The Persians, for example, reckoned that their only hope of bringing down Daniel was concerning the law of his God (Daniel 6:5). Other gods, they knew, had other laws. Queen Jezebel also knew this. Her politics, based on the “fear of Baal,” entailed different kinds of property laws than those of Israel, which were based on “the far of the Lord.” This is why Jezebel cannot understand why her husband, the Israelite’s King Ahab, doesn’t just take Naboth’s vineyard for himself after Naboth refuses to sell it to the king (1 Kings 21). Religous loyalties and their consequences are taken seriously by Scripture.
The fifth reason (Deuteronomy 7:22): to preserve the balance of nature. The overall picture so far is of an initial military failure through lack of heavy armament alongside treaty arrangements that resulted in integration and intermarriage with consequent loss or weakening of religious loyalty to the Lord and a community at times characterized by a lack of fighting morale.
All of those reason, then, can be more or less harmonized as a pattern of causes and effects in which the operation of some may bring others into play. But this fifth reason (see also: Exodus 23:29–30) is a quite different animal. It is an ecological reason. As such, and this may be its most distinctive feature, it is not concerned just with the specific needs of the Israelites.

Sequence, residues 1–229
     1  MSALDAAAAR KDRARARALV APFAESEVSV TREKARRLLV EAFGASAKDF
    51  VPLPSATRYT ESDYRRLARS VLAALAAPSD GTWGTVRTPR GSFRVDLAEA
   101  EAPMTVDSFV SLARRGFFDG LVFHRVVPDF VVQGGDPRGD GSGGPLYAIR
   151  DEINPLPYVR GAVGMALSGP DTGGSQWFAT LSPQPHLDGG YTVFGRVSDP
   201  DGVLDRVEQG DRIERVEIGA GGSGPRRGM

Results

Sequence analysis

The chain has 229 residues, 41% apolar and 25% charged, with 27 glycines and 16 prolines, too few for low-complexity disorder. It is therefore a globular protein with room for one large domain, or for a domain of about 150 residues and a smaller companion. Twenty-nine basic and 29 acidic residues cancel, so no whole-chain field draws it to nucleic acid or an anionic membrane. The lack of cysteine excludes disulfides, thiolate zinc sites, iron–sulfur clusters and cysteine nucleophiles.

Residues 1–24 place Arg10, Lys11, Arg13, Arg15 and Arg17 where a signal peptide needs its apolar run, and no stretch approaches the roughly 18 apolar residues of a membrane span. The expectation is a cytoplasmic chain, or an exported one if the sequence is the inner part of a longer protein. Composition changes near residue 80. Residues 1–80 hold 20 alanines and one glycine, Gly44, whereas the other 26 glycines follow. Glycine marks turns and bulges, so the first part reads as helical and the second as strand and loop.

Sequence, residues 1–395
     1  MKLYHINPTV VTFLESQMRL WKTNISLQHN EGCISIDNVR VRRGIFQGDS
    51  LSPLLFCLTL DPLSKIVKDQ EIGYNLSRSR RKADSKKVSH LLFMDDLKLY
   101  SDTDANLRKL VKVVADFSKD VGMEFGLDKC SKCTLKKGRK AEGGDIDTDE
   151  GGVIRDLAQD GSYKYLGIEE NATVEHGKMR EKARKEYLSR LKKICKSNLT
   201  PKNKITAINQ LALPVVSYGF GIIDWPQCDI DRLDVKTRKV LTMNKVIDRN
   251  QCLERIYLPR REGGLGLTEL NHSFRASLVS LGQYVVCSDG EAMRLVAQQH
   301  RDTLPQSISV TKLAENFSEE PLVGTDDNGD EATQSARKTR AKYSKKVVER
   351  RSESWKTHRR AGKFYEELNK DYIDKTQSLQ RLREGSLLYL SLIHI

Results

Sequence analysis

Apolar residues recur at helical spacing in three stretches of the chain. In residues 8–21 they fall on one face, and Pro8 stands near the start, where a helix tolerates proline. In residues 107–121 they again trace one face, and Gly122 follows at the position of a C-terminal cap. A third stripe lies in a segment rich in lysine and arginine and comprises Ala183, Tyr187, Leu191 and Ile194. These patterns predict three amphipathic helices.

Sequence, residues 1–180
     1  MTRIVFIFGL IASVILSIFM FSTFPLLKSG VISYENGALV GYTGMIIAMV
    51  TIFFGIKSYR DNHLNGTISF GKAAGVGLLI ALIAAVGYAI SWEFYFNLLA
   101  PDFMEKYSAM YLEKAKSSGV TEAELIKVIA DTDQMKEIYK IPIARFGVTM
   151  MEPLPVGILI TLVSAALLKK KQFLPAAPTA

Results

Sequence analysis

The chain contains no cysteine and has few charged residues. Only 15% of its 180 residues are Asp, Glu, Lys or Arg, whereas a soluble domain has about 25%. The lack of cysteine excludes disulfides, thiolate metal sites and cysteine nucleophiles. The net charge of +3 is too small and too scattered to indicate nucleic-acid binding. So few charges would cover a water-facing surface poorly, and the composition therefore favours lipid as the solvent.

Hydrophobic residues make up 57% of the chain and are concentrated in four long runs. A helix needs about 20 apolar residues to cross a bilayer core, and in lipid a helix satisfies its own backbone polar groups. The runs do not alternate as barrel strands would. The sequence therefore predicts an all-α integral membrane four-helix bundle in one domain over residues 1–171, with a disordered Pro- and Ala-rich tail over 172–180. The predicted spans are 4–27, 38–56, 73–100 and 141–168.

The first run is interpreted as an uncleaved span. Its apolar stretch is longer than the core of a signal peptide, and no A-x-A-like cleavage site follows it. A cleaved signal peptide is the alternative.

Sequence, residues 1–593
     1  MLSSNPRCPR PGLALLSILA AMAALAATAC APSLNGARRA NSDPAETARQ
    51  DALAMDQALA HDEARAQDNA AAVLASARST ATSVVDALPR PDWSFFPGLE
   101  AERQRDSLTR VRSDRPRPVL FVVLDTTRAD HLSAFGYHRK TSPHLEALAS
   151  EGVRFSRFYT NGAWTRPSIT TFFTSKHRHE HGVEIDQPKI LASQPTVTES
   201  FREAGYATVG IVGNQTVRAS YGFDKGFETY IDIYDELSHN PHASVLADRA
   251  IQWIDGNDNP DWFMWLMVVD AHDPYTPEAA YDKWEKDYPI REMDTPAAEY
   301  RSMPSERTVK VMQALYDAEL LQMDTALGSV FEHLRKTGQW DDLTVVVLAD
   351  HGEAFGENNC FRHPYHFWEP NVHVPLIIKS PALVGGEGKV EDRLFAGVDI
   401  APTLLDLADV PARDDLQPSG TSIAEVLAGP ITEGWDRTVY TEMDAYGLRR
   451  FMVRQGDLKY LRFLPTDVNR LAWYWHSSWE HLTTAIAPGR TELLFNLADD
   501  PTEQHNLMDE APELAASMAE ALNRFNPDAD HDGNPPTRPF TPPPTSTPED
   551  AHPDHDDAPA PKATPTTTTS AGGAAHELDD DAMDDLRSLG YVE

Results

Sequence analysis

If the conquest were too rapidly decisive – if, in fact, the Israelites had been fully obedient to the Lord! – then there would have been more territory under their control than they had manpower to deal with, and the ecological balance of man, plant, and beast would have been upset to the detriment of all the inhabitants. (This is a typical concern of Deuteronomy.)
The writer does not envisage any miracles coming to deal with it. On the face of it, this explanation does not seem to fit in with the others. The chain of causes and effects that the others are working with does not seem to apply here. In fact, this one seems contradictory to them. Nevertheless, it fits with the others within a biblical way of seeing life and interpreting events.
So, why did the Israelites not occupy all the Promised Land immediately? How can all five explanations be true? This is a way in which the Bible thinks about life. It is part of its wisdom. As we get to grips with it, we will gain more wisdom about how the world works and what is behind the events that we so often want to simplify.
©2015 by Charles Strohmer
(An extended treatment of “multiple parallel explanations” can be found in chapters 11-13 of Uncommon Sense: God’s Wisdom for Our Complex and Changing World, by John Peck and Charles Strohmer.)
Center image by Lauren MacDonald (permission via Creative Commons)